C&: I read that you are “interested in creating images that are not easily understood.” What additional value do you see in abstraction?
RI: I originally began as an abstract painter, without the figure. I have always loved abstraction and its visual language. In art school I began to feel that just focusing on the material aspect of abstraction was not enough for me personally. I decided to add the figure and this coincided with my growing research around Blackness in relation to art history and documentation. I would say that abstraction is the language that helps to translate the figure. It is the tool I use to create slippages between the familiar and otherworldly and the figure and its environment. Through abstraction I can conceal and reveal aspects of the figure. I can create images that are hard to decipher or place.
Black artists have an immense role in founding figurative art, but many people do not know that Black artists had a hand in the birth of abstraction as well. For me it is important to embody both figuration and abstraction, but abstraction is the lens I view the figure through and that is quite valuable to me.
C&: What do you want to express through your artwork and what is your goal in portraying Blackness in your art? And what does Blackness mean to you personally – is it something you can define?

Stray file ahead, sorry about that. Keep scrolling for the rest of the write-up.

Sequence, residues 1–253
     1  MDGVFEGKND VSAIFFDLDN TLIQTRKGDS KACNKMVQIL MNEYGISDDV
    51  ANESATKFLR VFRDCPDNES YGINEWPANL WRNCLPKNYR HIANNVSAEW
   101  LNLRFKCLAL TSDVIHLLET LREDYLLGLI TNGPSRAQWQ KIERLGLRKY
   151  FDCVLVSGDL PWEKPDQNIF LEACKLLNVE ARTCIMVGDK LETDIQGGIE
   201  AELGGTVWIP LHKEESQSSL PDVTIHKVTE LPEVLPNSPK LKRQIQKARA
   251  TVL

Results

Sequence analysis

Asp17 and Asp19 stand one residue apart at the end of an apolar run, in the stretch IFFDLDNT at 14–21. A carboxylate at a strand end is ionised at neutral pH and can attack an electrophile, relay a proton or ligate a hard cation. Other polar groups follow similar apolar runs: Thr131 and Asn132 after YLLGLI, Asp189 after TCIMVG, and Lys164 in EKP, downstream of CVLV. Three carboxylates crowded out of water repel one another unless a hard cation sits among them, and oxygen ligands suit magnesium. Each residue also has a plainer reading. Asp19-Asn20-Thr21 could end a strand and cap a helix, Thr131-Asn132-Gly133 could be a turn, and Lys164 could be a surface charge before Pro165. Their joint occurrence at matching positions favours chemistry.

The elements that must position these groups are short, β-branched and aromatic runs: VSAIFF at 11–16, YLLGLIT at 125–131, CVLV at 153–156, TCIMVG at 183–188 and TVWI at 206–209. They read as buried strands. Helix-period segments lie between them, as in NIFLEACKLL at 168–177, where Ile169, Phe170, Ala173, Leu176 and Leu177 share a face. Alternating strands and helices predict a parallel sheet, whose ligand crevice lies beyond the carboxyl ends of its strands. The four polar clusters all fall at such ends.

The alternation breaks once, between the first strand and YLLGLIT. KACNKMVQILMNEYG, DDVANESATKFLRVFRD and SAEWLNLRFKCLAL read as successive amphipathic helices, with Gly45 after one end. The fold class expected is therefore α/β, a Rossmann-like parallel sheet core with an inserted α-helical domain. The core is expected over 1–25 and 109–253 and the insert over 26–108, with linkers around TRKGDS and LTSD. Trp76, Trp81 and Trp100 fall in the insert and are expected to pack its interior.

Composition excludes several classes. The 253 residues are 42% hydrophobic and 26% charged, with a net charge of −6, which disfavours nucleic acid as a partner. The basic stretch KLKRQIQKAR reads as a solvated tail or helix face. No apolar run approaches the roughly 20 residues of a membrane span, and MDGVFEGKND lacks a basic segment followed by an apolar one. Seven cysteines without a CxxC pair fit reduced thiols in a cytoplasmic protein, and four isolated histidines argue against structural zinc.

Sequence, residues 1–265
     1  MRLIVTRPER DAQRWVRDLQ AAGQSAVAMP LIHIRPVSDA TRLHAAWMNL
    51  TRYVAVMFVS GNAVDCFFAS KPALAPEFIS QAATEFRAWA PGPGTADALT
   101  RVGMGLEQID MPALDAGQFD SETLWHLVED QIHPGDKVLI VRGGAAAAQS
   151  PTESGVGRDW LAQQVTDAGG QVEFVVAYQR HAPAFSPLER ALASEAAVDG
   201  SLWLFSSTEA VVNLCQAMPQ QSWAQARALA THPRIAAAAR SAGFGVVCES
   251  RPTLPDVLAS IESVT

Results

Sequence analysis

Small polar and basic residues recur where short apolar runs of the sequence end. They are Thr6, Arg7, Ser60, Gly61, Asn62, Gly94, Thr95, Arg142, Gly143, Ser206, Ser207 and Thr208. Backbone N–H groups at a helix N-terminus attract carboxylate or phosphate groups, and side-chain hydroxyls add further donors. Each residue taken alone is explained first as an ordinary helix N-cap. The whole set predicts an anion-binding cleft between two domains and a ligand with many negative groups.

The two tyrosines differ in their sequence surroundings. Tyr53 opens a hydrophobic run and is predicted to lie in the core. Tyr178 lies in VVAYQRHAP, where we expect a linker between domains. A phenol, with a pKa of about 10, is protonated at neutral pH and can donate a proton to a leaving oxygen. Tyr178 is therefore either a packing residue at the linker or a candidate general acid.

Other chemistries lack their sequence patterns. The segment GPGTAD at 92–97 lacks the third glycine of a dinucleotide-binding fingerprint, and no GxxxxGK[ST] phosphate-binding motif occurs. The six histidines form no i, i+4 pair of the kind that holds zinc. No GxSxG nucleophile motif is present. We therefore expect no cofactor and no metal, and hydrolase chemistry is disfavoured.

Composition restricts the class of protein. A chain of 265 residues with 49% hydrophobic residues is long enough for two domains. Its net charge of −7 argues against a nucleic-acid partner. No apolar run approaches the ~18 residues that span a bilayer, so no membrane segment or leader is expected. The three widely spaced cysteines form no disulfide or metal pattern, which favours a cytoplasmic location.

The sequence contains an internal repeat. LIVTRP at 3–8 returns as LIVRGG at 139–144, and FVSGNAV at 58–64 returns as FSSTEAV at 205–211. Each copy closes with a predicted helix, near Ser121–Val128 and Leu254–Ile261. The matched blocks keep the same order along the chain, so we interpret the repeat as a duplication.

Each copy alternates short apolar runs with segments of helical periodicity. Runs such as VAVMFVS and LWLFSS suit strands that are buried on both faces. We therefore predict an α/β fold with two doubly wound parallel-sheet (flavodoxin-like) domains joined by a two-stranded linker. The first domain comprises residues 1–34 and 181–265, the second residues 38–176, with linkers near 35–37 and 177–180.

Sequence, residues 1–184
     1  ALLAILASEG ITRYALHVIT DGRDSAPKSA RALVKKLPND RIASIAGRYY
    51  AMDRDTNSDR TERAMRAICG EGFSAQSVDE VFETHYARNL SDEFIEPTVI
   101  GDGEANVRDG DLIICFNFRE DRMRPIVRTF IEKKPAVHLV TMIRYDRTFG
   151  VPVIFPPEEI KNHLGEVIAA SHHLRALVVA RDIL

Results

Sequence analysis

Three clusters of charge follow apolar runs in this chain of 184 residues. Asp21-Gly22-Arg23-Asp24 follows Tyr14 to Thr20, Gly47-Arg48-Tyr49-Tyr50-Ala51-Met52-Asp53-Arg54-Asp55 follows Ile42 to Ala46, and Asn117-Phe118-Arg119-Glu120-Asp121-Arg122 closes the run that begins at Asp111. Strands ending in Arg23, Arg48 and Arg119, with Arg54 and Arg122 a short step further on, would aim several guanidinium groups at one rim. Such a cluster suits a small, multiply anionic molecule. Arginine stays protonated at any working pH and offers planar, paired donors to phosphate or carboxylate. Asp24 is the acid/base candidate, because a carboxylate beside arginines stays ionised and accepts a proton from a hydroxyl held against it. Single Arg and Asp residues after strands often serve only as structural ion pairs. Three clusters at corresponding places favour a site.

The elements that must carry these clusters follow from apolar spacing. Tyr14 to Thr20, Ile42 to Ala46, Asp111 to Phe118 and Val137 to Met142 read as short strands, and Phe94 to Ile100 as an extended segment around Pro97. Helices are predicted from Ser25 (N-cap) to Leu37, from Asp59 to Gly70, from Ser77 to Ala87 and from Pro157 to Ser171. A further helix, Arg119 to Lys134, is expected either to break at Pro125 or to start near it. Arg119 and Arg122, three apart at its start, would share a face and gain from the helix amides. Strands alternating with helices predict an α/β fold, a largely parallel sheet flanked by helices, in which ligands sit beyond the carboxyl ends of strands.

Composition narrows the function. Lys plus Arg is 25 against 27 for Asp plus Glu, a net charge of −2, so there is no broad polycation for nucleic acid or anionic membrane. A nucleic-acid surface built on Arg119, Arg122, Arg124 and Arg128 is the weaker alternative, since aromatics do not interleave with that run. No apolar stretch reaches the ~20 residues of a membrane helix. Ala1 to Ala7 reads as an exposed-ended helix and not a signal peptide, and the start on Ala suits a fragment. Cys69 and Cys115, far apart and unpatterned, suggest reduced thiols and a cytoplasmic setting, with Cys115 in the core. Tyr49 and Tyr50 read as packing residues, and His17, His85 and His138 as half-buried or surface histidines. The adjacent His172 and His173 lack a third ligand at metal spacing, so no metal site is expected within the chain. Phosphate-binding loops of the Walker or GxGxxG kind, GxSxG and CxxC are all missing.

RI: For me, Blackness is expansive. Racist systems, colonization and the media have convinced a lot of people that Blackness is restrictive. This is one of the biggest lies that has been indoctrinated into our society. We as artists usually come across individuals who tell us that doing work about Blackness or race is restricting our art. They try to convince us that our art is not art anymore, because there is Blackness attached to it.
I think such comments say a lot and could be further unpacked. It is a form of gaslighting and it can be hard. However, I am someone who has always questioned systems of thought. Blackness is not restrictive to me. I feel that I might not be able to fully reach its depths in this lifetime, but I am enjoying discovering all that it holds.
In my art I hope to show that Blackness is expansive. I hope to challenge how society perceives Blackness. My painting employs aspects of speculative fiction – my recent body of work, Freedom’s Recurring Dream, is a good example. Society has a tough time viewing Blackness in future spaces and imagined realities. We have seen extreme backlash to the inclusion of Black characters in productions like The Flash, The Little Mermaid, Star Wars, Obi Wan Kenobi, and most recently The Lord of the Rings: The Rings of Power. The extreme hatred around Blackness being part of these spaces is very telling about how Blackness is perceived.
In my work I hope to show areas of Blackness that are intrinsic to the Black community but have somehow been deemed as not by racist systems.
C&: Why did you choose to study and live in New Zealand? Is there a special art community you were interested in?
RI: I moved to New Zealand from Botswana when I was eleven years old, because my parents always wanted to move here. I grew up in New Zealand. There are amazing POC artists that I have had the pleasure of meeting and working with here in New Zealand.
Jody Adwoa Pinkrah is a student of anthropology and expanded museum studies. She is interested in visual arts, music, and black lives in global contexts.